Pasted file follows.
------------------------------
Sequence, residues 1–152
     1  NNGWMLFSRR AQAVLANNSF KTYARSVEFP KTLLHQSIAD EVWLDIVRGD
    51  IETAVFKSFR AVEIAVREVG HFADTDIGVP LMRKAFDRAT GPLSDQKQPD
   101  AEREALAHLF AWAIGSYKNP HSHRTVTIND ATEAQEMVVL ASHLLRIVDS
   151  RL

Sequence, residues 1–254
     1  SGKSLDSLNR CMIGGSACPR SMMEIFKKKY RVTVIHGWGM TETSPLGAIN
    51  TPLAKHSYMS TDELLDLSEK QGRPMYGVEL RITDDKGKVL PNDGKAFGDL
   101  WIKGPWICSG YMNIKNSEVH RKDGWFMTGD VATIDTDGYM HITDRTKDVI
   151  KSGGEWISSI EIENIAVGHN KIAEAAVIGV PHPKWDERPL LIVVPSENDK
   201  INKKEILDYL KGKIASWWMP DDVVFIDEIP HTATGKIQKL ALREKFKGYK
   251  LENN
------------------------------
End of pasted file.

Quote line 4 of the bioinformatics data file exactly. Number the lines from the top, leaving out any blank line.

   101  AEREALAHLF AWAIGSYKNP HSHRTVTIND ATEAQEMVVL ASHLLRIVDS